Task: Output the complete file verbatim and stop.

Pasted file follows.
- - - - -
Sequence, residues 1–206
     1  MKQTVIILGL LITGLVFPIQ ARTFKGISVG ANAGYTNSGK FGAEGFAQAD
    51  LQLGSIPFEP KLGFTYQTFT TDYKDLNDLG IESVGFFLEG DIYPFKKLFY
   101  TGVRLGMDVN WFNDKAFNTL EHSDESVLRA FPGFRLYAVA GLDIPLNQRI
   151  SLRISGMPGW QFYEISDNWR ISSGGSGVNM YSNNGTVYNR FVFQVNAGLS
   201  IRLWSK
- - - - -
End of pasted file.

Sequence, residues 1–206
     1  MKQTVIILGL LITGLVFPIQ ARTFKGISVG ANAGYTNSGK FGAEGFAQAD
    51  LQLGSIPFEP KLGFTYQTFT TDYKDLNDLG IESVGFFLEG DIYPFKKLFY
   101  TGVRLGMDVN WFNDKAFNTL EHSDESVLRA FPGFRLYAVA GLDIPLNQRI
   151  SLRISGMPGW QFYEISDNWR ISSGGSGVNM YSNNGTVYNR FVFQVNAGLS
   201  IRLWSK